The Canon 6D Mark II has strong performance for a prosumer full-frame DSLR thanks to its DIGIC 7 image processor. The 6D II is Canon's first full-frame camera to employ the DIGIC 7 image processor and it proved impressive in the field and during our lab testing.
The 6D II's maximum shooting speed of 6.5 frames per second when recording full-resolution RAW and JPEG images proved sufficient in most real-world situations, including wildlife photography where faster frames can be very important.
Canon EF 100-400mm f/4.5-5.6L IS II USM lens at 371mm, f/6.3, 1/500s, ISO 2500.
Click for full-size image. Click here for RAW image.
It is not only shooting speed that matters, but also buffer depth and the ability for the camera to clear its buffer. If you are shooting JPEG images, the camera can record nearly 100 images in a burst and it clears its buffer in only four seconds, which is very good. The RAW image buffer is much smaller at around 20 frames and it clears in about eight seconds, which while not as impressive as it is when recording JPEG images, it's still good. See our Performance page for details. In real-world shooting scenarios, the 6D II worked great and we never had to wait long for the camera to be ready to use.
Battery life is particularly impressive in real-world shooting, at least when you are using the optical viewfinder. The camera is rated for well over a thousand shots when using the viewfinder, which is great for a relatively compact full-frame DSLR. If you use Live View mode, the battery life is a bit under 400 shots, which is still pretty good.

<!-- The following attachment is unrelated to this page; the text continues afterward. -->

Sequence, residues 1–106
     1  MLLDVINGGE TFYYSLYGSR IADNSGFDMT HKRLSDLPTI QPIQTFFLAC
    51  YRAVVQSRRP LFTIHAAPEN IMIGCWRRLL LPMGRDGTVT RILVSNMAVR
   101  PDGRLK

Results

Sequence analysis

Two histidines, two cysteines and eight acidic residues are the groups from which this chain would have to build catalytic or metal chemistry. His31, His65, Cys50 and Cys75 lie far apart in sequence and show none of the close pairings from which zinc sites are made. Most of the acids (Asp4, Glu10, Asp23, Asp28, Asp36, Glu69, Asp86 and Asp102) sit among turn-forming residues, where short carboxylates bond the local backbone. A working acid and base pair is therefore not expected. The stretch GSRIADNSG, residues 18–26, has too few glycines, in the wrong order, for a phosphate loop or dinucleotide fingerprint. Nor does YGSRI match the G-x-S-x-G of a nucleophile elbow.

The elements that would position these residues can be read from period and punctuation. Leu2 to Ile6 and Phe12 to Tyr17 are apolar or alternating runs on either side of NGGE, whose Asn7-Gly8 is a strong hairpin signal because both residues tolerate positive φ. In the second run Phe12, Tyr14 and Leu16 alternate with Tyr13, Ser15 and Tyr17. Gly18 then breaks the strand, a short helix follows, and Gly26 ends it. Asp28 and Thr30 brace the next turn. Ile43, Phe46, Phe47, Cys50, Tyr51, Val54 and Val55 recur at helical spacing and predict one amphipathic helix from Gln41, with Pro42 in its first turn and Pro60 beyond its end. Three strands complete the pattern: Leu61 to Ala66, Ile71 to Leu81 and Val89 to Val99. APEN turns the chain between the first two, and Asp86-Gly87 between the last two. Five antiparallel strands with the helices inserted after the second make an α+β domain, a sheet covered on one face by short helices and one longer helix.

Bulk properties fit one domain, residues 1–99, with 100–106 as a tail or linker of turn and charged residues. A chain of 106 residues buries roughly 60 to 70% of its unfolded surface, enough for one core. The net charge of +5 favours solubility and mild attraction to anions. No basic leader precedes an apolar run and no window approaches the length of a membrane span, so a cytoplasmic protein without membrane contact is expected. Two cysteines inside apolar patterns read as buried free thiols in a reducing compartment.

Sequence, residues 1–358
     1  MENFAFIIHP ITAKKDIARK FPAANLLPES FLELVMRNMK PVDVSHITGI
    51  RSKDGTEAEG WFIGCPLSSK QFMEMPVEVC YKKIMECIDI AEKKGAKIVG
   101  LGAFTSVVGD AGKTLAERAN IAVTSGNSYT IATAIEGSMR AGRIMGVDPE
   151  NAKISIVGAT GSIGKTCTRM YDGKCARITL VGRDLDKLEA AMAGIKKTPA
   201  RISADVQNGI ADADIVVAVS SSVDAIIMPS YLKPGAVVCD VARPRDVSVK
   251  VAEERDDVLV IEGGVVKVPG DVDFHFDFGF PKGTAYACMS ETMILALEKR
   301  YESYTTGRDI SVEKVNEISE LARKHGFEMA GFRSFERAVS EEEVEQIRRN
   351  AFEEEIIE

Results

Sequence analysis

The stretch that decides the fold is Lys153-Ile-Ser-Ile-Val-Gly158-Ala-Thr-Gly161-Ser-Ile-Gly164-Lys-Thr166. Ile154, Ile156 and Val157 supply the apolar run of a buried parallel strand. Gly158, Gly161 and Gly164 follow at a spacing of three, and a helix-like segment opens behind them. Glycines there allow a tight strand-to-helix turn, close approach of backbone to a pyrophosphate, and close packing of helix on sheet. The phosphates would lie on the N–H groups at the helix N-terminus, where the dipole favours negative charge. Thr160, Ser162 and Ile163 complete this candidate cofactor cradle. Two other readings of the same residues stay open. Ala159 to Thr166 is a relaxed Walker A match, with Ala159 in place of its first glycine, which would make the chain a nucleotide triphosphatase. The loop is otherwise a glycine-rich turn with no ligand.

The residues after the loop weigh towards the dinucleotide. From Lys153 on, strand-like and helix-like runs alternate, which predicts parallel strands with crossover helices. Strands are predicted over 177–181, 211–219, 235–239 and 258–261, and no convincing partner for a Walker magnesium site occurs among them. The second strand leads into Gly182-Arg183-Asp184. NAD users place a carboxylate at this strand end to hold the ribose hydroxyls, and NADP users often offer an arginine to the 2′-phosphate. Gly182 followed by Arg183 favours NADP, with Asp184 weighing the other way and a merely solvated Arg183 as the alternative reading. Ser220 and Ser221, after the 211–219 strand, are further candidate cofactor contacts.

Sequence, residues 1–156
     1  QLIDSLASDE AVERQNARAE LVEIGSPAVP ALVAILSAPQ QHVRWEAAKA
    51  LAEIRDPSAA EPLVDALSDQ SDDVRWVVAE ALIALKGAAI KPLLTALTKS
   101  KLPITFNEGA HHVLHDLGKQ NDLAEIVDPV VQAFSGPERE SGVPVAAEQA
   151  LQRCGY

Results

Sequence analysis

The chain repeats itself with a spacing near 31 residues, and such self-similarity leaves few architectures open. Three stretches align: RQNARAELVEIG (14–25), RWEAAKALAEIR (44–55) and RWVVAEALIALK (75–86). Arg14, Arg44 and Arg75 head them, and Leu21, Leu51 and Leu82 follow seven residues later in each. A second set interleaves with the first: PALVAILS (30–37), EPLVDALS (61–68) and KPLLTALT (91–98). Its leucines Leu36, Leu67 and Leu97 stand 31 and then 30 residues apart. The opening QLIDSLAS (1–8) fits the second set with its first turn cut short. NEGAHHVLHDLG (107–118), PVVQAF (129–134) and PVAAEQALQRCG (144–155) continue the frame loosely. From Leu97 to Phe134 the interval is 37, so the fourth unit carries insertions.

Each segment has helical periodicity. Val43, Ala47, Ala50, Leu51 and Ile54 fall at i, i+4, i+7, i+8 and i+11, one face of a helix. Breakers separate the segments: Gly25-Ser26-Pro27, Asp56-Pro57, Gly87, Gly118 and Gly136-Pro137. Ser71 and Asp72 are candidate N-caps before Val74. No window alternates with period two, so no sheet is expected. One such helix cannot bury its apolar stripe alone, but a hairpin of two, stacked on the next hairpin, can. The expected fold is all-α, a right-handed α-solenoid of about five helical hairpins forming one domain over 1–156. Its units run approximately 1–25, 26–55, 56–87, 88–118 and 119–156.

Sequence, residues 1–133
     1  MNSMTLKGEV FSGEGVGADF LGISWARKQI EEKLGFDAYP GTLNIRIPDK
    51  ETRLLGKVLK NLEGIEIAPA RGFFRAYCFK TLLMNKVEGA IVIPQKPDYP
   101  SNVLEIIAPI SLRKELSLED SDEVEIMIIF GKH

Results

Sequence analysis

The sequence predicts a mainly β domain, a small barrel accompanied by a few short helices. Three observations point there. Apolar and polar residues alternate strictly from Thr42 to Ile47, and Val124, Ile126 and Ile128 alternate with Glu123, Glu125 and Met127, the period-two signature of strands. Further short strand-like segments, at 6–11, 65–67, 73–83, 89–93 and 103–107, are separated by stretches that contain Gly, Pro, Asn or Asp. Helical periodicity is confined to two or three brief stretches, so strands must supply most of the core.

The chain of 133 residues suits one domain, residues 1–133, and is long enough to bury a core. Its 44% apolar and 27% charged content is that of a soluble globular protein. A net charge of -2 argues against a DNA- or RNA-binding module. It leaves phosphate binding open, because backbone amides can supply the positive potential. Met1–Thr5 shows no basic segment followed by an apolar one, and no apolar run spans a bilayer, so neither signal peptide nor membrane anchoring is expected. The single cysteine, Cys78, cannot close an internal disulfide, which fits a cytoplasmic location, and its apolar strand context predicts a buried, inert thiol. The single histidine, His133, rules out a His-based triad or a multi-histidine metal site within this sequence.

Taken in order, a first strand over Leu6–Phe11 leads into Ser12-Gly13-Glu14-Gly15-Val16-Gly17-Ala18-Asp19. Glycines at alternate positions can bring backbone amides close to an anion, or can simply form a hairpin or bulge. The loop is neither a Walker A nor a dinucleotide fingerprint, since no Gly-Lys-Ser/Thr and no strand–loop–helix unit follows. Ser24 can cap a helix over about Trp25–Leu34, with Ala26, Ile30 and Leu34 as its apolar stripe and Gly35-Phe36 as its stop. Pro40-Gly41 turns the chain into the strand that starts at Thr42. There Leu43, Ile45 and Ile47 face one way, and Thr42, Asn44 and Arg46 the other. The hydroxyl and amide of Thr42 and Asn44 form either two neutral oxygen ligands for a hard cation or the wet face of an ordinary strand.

Overall, the DIGIC 7-powered Canon 6D II has good performance for its class and handles well.
Canon 6D II Autofocus: Much improved through the OVF and Dual Pixel CMOS AF for Live View and video
The Canon 6D Mark II ups its autofocus game compared to its predecessor in a few big ways. First, the autofocus points when using the viewfinder has increased from 11 to 45. The higher density is great, although we still found that the overall autofocus point coverage is lacking. If you want more coverage, you can shoot with Live View and use Dual Pixel CMOS AF, which covers 80 percent of width and height of the full-frame image sensor.
In real-world use, both the 45-point autofocus system and the Dual Pixel CMOS AF proved to be quick and reliable across a wide variety of shooting situations.
Canon EF 24-105mm f/4L IS II USM lens at 24mm, f/8, 1/30s, ISO 12,800.
Click for full-size image. Click here for RAW image.
Canon 6D II Image Quality: Great high ISO performance but poor dynamic range results
With a 26-megapixel full-frame sensor, the Canon 6D Mark II has more resolving power than its 20-megapixel predecessor, but the camera still includes an optical low-pass filter, although it appears to be perhaps weaker than the one found in the original 6D. Compared to the 6D, the 6D II definitely delivers images with a bit more fine detail, which is nice. You can see more comparisons here.
When looking at print quality, the Canon 6D II delivers excellent 30 x 40 inch prints at ISO 50 through 200. At ISO 400 and 800, you can still make a nice 30 x 40 inch print, although there is a bit less fine detail. This is still an impressive result. At ISO 1600 and 3200, the maximum print for a good print drops to 24 x 36 and 20 x 30 inches respectively. If you want to shoot at ISO 6400, the maximum print size that still passes our test is 13 x 19 inches. Impressively, you can still make a good 11 x 14 inch print with ISO 12,800 images, which is quite the feat for any camera. Overall, print quality analysis results for the Canon 6D Mark II are exceptional, especially when considering the camera's reasonable price tag.